Nourishing the Nervous System: The Science Behind Three of my Favorite Essential Oils, Herbs, and Br
On the Be Kekoa Apothecary Facebook site, I shared three of my favorite essential oils and herbs along with a four-square breathing technique on a live video, that can be used to support overall emotional well being. Diffusing essential oils and/or sipping herbal tea or decocotion is a simple, yet powerful way to support the mind and body. And science supports what many aromatherapist, herbalists, essential oil and herb enthusiasts already know -- plants offer a plethora of benefits and can support both emotional and overall wellness. While there are many oils and herbs to choose from below are a few of my favorites.
Three Soothing Essential Oils: While there are many relaxing essential oils I wanted to share three of my favorite go to oils to support relaxation, soothe feelings of stress, and support sleep: Bergamot (Citrus bergamia), Ylang-ylang (Cananga odorata), and Frankincense (Boswellia carterii or sacra). These are not their only benefits, but it's what I wanted to focus on in this post.
Bergamot is a citrus fruit more commonly found in Italy. It's a flavor found in Earl Grey tea and an aromatic compound found in many perfumes and colognes. It's bright, uplifting aroma is enjoyed by many. Chemically it has similar aromatic compound to that of lavender and other citrus fruits. It's rich in limonene, linalool, and linalyl acetate. Limonene is uplifting and has analgesic and anti-inflammatory properties and also supports immune health. Research suggests linalool has analgesic and anti-inflammatory properties as well as anti-anxiety and sedative properties. Linalyl acetate also has been shown to have sedative properties as well as analgesic and anti-inflammatory actions. It has been shown to offer vasorelaxant properties as well -- which means it can act to relax smooth muscle tissue, including that found in blood vessels. Since bergamot is phototoxic (unless it's FCF free) it's best used in diffuser blends or aroma inhalers or on skin that will NOT be exposed to the sun.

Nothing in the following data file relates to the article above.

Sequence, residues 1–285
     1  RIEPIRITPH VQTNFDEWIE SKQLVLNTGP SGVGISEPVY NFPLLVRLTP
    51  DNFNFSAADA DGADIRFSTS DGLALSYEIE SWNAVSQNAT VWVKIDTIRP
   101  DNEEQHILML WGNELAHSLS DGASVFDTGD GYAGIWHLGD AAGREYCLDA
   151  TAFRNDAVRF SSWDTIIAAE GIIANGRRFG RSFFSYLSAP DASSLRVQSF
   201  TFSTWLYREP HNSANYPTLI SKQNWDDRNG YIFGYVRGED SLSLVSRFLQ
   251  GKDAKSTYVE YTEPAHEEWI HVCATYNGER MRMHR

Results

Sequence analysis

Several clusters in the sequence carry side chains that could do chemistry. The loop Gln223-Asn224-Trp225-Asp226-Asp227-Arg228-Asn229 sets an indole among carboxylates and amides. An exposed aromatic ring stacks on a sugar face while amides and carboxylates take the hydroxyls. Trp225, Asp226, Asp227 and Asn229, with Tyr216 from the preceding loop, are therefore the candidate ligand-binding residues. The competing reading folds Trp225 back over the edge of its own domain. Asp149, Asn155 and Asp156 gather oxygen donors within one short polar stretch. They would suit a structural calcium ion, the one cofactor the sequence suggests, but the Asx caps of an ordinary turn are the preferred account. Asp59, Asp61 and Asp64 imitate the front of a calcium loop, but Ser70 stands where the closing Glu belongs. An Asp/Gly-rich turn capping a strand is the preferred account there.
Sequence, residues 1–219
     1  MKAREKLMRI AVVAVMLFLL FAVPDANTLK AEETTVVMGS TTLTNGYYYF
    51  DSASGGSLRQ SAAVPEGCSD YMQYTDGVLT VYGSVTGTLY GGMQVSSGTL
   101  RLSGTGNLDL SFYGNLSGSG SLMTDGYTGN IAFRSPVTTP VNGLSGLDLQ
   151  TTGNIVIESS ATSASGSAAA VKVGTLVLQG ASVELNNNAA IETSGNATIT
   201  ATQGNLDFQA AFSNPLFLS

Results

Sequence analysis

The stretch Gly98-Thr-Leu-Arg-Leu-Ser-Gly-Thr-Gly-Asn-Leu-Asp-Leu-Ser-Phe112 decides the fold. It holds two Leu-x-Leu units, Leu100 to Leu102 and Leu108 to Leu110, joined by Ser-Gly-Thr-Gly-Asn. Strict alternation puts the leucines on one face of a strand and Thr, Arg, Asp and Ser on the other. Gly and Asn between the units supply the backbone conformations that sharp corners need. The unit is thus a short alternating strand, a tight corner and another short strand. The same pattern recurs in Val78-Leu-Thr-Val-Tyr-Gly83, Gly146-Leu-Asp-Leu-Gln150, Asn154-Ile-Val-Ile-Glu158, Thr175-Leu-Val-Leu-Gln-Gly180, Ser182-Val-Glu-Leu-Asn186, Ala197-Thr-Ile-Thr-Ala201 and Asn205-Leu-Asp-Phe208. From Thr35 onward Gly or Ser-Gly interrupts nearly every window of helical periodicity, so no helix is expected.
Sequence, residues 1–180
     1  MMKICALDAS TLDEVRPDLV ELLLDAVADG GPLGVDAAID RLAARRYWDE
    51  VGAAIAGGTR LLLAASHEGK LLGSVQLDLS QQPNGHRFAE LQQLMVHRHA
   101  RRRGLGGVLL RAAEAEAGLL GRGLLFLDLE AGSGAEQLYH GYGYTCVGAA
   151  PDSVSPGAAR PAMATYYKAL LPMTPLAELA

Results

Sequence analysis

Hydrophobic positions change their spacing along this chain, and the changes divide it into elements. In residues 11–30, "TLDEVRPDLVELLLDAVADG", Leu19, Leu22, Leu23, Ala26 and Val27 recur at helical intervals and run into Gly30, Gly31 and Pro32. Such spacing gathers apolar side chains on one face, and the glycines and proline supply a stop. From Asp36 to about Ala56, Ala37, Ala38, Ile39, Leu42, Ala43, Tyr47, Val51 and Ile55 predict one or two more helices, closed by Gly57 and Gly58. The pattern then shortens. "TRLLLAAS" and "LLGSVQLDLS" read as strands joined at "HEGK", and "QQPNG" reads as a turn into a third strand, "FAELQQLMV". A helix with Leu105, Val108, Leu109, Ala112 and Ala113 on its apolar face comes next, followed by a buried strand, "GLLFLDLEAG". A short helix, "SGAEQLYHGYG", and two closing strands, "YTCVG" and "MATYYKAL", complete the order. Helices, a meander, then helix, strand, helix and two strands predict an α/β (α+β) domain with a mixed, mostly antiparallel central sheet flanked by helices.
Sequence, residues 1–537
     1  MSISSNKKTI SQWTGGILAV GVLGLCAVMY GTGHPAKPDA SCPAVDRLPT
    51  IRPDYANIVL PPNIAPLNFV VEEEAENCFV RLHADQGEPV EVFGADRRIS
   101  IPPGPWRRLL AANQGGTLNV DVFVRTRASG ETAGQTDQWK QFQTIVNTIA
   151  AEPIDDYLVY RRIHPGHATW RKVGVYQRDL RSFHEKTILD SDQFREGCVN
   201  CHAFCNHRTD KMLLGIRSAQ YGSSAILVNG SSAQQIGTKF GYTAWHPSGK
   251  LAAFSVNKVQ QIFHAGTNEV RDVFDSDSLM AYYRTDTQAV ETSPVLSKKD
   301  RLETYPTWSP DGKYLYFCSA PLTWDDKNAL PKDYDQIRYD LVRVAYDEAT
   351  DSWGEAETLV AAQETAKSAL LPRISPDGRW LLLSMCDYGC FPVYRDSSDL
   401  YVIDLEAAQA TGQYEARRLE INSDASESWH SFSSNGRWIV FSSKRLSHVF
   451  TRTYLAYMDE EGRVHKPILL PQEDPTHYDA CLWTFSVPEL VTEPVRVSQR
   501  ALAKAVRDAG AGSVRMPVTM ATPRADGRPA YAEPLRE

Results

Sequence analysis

Ylang-Ylang is an beautiful yellow flower from the rain forest. It has a sweet, intoxicating aroma and is best used in small amounts. In addition to linalool it is rich in sesquterpines and esters -- both classes of aromatic compounds that often offer relaxing benefits. According to research done by Hongratanaworakit and Buchbauer in 2004, ylang-ylang can act to reduce blood pressure and heart rate and elicit feelings of relaxation and calmness. When coupled with bergamot and lavender, ylang-ylang reduced psychological stress responses. Use in low doses both in diffuser blends or topcially (no more than 0.8%) as it can cause headache or sensitization in some individuals.
Frankincense is distilled from the resin or tears of the Boswellia carterii or sacra tree. It has a warm, resin-like, earthy aroma. Make sure that your supplier is getting the oil from a sustainably harvested source. Frankincense is rich in monoterpenols such as limonene, a-pinene, and myrcene, and has smaller amounts of b-caryophyllene. Inhaled a-pinene has been shown to have anxiolytic-like actions in animal studies. It has been shown to significally increase REM sleep (rapid eye movements) in animal models and is suggested to reduced feelings of stress or anxiety and promote better sleep in addition to offering analgesic and anti-inflammatory properties. Myrcene offers sedative properties in addition to analgesic and anti-inflammatory activity. Likewise b-caryophyllene offers analgesic, anti-inflammatory, and anxiolytic properties as well. Generally a very safe non-irritating oil.
Herbs especially when used as tea or decoction (strong tea) can be beneficial to the mind and body. Some herbs offer nervine properties -- or support the nervous system. Today I wanted to highlight German chamomile, oat straw, and lemon balm. While these herbs offer additional benefits as well I wanted to highlight their properties as a nervine. Each of these herbs is also gentle enough for children, especially if used as a dilute tea.